Stop Preaching Every Week!

I love talking “shop” with other pastors, and lately, I’ve had the pleasure to interact with many. Preaching seems to always surface as a topic of conversation. Every pastor feels the pressure to preach great messages – not just true, but engaging and helpful content presented in an engaging way.

The most common question I’ve received in the past month or so revolves around the number of times in a calendar year a typical Senior Pastor should preach. The questions do not always start there, but that question tends to be the core issue. The last time this issue was presented to me by another pastor, it sounded something like this: “I know you preach without notes. How can I do that when I’m preaching 51 weeks a year?”

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Every Leader Loves a Little Evolution

Every leader loves progress, and driving environment, program, event, or even leadership evolution is part of of the progress loop. Great leaders practice the art of evaluation and evolution. Individually, they are equally important, but without their counterpart, each is purposeless.

Some definitions based on my personal use: Evaluation is the systematic process of analyzing against a standard of expectation. By definition alone, effective evaluate is far from accidental. But evaluation is nearly worthless without evolution. Evolution is the process of change toward the standard of expectation.

If you want to be effective at both evaluation and evolution, make sure you:

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The Mentor Leader, by Tony Dungy

The Mentor Leader: Secrets to Building People and Teams That Win Consistently by Tony Dungy

I recently read Tony Dungy’s “The Mentor Leader: Secrets to Building People and Teams That Win Consistently.” Honestly, my favorite part of the book was getting to peak behind-the-scenes of his time in the NFL. As a sports fan and football fanatic, I’ve always appreciated Tony’s approach to leadership and coaching. This book, while not providing a wealth of new information on leadership (but seriously, what new can be said), was a fun read due to the football side notes and leadership reminders.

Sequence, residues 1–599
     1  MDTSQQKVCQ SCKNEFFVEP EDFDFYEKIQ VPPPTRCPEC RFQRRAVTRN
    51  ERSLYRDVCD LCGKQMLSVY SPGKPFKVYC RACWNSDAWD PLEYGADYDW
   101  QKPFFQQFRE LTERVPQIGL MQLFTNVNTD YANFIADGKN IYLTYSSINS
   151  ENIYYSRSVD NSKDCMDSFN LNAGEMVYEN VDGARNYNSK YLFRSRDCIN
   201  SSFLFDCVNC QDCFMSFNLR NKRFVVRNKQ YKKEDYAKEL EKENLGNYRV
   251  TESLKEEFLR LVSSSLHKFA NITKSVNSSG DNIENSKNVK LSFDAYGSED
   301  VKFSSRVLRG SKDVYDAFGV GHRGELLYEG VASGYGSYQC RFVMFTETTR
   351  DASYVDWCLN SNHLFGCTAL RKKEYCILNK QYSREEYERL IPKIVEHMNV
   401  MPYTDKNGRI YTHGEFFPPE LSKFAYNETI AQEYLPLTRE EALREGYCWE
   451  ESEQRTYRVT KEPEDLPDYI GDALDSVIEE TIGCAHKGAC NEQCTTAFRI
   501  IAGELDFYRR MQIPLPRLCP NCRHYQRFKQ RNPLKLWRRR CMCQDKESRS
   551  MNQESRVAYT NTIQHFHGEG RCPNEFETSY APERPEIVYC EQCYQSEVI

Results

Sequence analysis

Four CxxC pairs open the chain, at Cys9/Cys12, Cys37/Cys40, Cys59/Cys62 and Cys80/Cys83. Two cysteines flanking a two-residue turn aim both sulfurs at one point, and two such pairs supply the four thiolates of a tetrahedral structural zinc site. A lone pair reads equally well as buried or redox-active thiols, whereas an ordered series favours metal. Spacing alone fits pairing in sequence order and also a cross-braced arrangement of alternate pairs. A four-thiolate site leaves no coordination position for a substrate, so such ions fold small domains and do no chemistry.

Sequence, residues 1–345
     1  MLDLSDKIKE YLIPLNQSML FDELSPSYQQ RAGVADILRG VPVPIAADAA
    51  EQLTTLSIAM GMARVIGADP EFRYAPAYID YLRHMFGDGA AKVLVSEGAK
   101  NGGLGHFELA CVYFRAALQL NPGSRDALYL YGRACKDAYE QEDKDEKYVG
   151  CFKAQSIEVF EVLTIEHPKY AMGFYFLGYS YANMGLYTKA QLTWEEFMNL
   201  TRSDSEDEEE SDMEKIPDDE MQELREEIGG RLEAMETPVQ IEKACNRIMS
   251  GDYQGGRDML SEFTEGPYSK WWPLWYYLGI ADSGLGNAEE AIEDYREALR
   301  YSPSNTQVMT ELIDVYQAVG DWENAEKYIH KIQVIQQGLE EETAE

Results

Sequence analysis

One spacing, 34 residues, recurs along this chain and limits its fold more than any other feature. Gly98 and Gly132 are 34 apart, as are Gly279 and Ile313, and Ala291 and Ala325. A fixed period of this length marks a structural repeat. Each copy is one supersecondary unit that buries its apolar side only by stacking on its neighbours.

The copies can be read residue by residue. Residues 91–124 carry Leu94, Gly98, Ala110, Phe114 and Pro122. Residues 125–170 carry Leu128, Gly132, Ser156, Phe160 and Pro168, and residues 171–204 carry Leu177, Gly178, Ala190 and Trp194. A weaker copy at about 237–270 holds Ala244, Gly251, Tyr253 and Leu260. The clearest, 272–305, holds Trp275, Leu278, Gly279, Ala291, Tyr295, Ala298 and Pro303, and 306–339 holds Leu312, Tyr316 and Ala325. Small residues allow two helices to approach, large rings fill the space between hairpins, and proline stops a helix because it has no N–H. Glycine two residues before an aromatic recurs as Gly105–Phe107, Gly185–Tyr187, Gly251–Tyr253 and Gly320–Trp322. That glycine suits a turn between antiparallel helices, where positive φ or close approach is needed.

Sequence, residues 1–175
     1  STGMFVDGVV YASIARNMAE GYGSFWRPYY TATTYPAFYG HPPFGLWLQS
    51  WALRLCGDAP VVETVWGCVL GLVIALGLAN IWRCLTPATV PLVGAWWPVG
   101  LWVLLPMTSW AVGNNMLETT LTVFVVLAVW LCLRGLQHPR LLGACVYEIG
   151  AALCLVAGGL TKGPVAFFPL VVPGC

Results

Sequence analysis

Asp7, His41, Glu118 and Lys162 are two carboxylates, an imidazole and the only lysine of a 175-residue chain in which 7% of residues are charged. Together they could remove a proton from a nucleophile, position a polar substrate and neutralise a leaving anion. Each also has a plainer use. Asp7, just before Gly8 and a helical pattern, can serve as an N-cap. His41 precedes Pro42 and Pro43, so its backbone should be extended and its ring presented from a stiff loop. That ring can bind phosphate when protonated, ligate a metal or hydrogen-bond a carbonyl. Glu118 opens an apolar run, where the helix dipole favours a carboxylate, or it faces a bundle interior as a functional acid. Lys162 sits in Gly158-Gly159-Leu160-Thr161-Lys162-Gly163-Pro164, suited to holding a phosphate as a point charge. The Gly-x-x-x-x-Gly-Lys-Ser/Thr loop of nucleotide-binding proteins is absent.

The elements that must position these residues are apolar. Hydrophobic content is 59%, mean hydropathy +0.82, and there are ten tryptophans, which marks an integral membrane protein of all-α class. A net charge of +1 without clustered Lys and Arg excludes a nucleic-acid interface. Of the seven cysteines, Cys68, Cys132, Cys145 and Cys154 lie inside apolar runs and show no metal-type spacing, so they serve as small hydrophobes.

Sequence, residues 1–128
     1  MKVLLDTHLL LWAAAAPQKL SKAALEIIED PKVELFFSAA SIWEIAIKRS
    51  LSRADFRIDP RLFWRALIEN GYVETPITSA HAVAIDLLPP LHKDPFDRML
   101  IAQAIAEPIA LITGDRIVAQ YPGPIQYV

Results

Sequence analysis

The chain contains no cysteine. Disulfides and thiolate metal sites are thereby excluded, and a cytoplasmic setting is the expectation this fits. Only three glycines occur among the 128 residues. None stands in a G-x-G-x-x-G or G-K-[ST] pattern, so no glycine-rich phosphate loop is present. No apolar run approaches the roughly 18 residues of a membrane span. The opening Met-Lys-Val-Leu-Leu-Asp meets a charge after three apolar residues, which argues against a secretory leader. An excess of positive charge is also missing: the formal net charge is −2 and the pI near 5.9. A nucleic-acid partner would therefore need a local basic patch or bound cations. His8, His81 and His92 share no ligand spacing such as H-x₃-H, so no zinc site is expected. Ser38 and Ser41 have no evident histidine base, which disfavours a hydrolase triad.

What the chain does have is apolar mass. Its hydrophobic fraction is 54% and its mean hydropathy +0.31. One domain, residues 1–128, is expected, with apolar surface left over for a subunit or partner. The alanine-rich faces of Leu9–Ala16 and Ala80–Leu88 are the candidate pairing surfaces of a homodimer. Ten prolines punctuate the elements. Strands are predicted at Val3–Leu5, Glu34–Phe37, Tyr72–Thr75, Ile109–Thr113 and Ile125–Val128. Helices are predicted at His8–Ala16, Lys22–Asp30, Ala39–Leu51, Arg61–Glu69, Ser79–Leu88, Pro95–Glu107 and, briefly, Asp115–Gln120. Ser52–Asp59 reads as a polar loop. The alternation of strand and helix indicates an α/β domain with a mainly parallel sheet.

That said, here are my highlights:

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Just Be Normal!

The most abnormal pastors I know are the ones who seem completely normal. That’s an unfortunate reality, but it’s pretty true. Being a pastor is difficult. I know there are many tough jobs – many which are way more difficult than being a pastor. But there are not too many jobs that require a person to carry the weight of a pastor. And it’s the weight that can make us weird. It’s a unique kind of weight – both personal and spiritual. And the spiritual weight is no joke. It’s real, and it’s heavy.

Pastors can begin to look abnormal quickly. They often dress differently (especially in some denominations), they act differently, and they are expected to behave differently. I learned this the hard way while cheering for my son in a soccer game. “Get up,” I yelled across the field, “and if that boy knocks you down again, you get up and KNOCK HIM DOWN!!!” You might be able to yell something like this. I can’t … anymore. I did once, and it just so happened that the bully on the other team and his family went to Watermarke Church where I’m the Lead Pastor. I intentionally use the past tense “went,” because I doubt they attend any longer!

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The Moment When Innovation Appears

Other’s inspiration can often create or spark innovation in you. Gavin Adams

I love the moment when I discover something new. Even if I end up trashing the idea, in that moment, I feel motivated and empowered to be better and do better. That moment makes me feel alive to encounter new ideas that improve what I’m already trying to do or discover innovations that could change my direction.

I recently came across one of those moments. Time will tell if it is a game changer or just a bad idea that leads to something better down the road. Here’s was my recent moment: What if I incorporate better imagery in my messages to help visually invoke emotion and connection. Okay, I realize you are probably not impressed (maybe some of you have already done this or realized it’s a bad idea), but for me, I found myself transported to a world of imagination and innovation where things are always getting better. That’s my favorite land to visit.